About 70% of Clichy-sous-Bois is of immigrant origin, she noted, typical of similar suburban cities.

Interior Minister Christophe Castaner said that since the beginning of the isolation, the police have carried out checks on 220,000 people in Seine-Saint-Denis to guarantee compliance with the confinement rules, more than double the national average.

Some police officers attribute the widespread violence to the pressure exerted on drug traffickers during the lockdown.

“The traffickers want to eliminate all police presence,” tweeted Linda Kebbab, head of the SGP-FO police union.

Bachir Ghouinem, who helps ACLeFeu to distribute food, described violence as “a simple problem” among the many poor suburbs of France. But he predicted the worst-case scenario if food distributions stopped.

“Riots and looting. We are afraid of it, ”he said. “If it happens here, it happens everywhere. “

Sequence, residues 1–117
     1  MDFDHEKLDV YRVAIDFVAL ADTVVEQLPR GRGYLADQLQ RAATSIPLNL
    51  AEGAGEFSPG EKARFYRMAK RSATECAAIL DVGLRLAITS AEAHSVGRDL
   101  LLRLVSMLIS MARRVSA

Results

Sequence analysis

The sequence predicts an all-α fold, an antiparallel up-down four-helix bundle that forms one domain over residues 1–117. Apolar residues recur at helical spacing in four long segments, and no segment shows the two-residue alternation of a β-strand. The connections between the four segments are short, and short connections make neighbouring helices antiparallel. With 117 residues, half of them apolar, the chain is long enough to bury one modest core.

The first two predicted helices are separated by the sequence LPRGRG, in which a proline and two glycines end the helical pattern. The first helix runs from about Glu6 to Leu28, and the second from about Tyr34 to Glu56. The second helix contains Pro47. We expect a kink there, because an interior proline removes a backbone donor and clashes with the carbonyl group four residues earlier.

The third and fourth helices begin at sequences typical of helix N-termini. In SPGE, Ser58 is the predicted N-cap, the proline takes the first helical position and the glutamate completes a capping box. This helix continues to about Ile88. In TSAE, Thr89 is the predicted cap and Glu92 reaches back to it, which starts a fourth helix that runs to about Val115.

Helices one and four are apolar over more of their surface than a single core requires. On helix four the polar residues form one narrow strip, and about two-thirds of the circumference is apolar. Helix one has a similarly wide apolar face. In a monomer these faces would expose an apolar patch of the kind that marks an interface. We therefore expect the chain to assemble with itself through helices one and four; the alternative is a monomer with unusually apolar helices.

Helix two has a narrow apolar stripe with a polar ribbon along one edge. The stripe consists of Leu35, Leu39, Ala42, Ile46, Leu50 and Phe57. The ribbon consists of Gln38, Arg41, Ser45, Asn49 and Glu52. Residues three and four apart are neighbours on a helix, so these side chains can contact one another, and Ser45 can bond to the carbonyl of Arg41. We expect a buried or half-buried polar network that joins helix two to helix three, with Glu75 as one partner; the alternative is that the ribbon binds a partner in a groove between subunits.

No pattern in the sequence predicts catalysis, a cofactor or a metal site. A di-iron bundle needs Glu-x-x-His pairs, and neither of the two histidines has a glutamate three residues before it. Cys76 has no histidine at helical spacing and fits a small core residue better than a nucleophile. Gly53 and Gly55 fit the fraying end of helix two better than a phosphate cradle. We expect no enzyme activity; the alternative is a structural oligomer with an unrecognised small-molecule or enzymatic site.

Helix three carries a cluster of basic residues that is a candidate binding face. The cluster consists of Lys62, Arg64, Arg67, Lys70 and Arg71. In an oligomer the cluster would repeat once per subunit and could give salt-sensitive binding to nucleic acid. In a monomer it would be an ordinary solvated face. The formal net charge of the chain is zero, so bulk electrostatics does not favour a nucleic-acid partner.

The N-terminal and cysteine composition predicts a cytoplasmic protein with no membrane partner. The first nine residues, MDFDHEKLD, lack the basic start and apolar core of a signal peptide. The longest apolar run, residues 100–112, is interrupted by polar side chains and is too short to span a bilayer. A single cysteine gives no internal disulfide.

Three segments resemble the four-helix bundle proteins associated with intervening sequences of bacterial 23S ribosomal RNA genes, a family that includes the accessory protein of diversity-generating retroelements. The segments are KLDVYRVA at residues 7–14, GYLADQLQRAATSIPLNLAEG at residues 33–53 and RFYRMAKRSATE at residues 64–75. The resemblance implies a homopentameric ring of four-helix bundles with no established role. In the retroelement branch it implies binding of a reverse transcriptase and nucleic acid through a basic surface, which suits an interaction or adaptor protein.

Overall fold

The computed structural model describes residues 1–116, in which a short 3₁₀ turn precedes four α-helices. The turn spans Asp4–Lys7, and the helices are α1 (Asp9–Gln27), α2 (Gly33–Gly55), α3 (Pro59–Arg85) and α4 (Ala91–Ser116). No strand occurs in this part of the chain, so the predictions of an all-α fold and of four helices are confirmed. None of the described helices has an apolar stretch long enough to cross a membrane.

Mechmache, the leader of ACLeFeu, has taken a longer view.

“I hope that there will be an awareness at the end of this lockout to tackle the problems of inequality, which have existed for more than 30 years,” he told the Associated Press.

For Bacque, the sociologist, “it’s time to return to the fundamental challenge, more equality”.

But she said she doubted that such a political investment would occur, adding that “an explosion cannot be ruled out.”

A tram that makes it easier for residents of Clichy-sous-Bois to connect to Paris – and to work – opened in December. In the neighboring housing project known as Les Bosquets, the dilapidated skyscrapers used by drug traffickers were razed to the ground several years ago, fulfilling a government promise after the 2005 riots.

“But you are not transforming the social dimension by fixing … architectural problems,” said Bacque.

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Ganley reported from Paris.

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Follow the AP coverage of the virus epidemic at https://apnews.com/VirusOutbreak and https://apnews.com/UnderstandingtheOutbreak